All of that however – including the subtle nods to the Air Jordan V on the tongue and ankle collar, visually and functionally, stems from the Eclipse Plate. Sitting still, the plate looks to be radiating all these elements, the Flightwire emerging out of the anchor, breaking off to the story-rich upper and playful colorways. In motion however, as how we’ve seen it on Kemba Walker in the NBA Playoffs, the effect is inverse.

All these pieces, all these tech improvements and colorway choices, all these Zion-sized calculations for containment and Luka-paced calibrations for agility and direction-changing, they all appear to be heading back to the middle, seemingly being sucked in to the shoe’s identifying design element and its hardest-working tech component: The Eclipse Plate.

It’s almost like (you guessed it), a black hole.

In basketball, being called a “black hole” is never good. Especially not in 2020’s pace and space style of play. You never want that tag, you never want to be known as the guy who, if you pass it to, won’t give it back out.

(I admit, this here is the weakest part of this entire correlation. The fact that I’m attempting to illustrate an impressive basketball product by comparing it to basketball’s worst insult is an irony not lost on me. I weighed this as a huge con when I was deciding ‘Should I still write this the way I want, with the black hole stuff?’ Then, I started listing the pros of the argument: “I’m me.” That should be more than enough reason for me and you to believe that like any good magician, it may look like I’m drowning right now in the water box, but best believe I’m getting out of this strait jacket and smiling wide when the curtains come down in the end. Why? I told you already. I’m me. Sit back. I got this. Bet.)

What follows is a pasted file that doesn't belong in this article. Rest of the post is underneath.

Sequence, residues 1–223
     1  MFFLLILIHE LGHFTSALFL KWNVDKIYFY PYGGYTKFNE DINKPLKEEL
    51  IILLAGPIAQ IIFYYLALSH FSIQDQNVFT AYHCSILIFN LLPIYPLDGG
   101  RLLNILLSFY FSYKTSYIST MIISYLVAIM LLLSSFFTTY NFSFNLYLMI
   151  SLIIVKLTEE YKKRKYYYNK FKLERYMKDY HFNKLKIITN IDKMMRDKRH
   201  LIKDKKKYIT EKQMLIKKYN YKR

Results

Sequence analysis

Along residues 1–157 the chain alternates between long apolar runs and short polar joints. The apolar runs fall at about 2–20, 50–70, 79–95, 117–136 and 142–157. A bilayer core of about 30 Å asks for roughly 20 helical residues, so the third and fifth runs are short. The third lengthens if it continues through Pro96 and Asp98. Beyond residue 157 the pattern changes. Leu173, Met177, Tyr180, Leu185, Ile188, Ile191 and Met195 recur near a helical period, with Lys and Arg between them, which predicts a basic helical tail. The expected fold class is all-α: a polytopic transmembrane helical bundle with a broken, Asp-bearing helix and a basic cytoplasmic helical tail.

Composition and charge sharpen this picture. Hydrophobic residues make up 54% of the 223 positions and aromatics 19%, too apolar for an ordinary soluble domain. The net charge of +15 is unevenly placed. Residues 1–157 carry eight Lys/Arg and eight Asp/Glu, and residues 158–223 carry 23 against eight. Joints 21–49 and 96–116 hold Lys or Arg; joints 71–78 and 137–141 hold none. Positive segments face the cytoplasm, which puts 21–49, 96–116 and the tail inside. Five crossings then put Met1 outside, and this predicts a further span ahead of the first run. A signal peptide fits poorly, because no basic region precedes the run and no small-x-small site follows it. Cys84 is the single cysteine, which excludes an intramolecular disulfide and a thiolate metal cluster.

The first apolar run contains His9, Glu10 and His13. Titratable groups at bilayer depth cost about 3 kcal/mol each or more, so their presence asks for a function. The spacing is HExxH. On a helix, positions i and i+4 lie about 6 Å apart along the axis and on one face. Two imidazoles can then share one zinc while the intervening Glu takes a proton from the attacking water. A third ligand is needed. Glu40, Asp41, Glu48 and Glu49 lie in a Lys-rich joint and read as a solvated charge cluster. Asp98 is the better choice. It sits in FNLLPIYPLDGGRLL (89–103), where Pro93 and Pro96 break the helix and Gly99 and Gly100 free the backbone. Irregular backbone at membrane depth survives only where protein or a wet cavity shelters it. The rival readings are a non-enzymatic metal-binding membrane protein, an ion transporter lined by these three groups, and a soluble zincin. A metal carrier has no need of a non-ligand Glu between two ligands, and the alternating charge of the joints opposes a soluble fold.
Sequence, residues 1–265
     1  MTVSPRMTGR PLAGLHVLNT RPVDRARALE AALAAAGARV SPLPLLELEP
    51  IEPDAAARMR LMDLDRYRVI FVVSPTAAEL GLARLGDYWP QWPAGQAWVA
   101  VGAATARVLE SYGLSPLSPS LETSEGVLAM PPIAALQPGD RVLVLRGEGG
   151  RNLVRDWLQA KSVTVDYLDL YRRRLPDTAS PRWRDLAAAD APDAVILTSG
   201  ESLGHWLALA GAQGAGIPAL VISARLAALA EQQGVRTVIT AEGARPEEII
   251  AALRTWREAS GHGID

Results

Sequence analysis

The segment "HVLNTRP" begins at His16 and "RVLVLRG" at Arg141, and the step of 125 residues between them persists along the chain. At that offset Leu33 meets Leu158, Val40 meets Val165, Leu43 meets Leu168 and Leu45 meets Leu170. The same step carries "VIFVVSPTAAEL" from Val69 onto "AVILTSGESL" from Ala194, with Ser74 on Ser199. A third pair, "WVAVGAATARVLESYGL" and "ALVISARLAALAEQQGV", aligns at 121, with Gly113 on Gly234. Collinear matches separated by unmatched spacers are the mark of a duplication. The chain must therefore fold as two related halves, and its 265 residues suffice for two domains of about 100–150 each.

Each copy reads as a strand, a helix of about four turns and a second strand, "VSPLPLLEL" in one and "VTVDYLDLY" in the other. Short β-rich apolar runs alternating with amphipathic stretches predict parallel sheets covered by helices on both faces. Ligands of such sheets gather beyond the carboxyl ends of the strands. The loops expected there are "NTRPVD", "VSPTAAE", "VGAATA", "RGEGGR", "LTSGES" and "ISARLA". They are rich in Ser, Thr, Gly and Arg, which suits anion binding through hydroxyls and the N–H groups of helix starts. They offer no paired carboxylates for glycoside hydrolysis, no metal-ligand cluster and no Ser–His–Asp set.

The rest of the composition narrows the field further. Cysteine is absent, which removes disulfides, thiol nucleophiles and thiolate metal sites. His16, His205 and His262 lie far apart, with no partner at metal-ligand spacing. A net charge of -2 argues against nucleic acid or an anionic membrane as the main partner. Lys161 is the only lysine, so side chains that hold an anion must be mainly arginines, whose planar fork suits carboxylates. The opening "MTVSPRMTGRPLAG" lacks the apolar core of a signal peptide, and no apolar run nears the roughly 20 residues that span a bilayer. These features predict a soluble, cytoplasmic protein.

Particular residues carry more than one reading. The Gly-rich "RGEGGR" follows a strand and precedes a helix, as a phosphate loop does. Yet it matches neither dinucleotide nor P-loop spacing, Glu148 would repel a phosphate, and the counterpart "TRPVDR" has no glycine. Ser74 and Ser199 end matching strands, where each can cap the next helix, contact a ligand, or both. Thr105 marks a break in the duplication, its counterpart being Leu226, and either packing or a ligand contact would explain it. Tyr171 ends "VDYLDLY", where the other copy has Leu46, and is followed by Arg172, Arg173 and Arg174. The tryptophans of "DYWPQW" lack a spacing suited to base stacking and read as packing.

Hoops slang aside however, Wikipedia (yup) defines black holes as “regions of spacetime where gravity is so strong that nothing—no particles or even electromagnetic radiation such as light—can escape from it.” No other force is as strong, as authoritative, as grand. While a perfectly-carved out piece of TPU plastic in a basketball shoe might not deserve such elevation to equal pedestal as the most forceful anything in the universe, there’s a reason Tate and his team had a photo of a black hole on their board when they were wasting away countless late nights sharpening the new hero of a legacy brand like Jordan.

You see, it’s more than just the Eclipse Plate 2.0, it’s more than just the XXXV. It’s Jordan. The brand, the man, the icon, the larger-than-life legend, the worthy-of-a-ten-hour-documentary wonder of the world. Stars, in space and those who live on earth, have an ‘aura’ about them. Superstars have that something that people gravitate towards.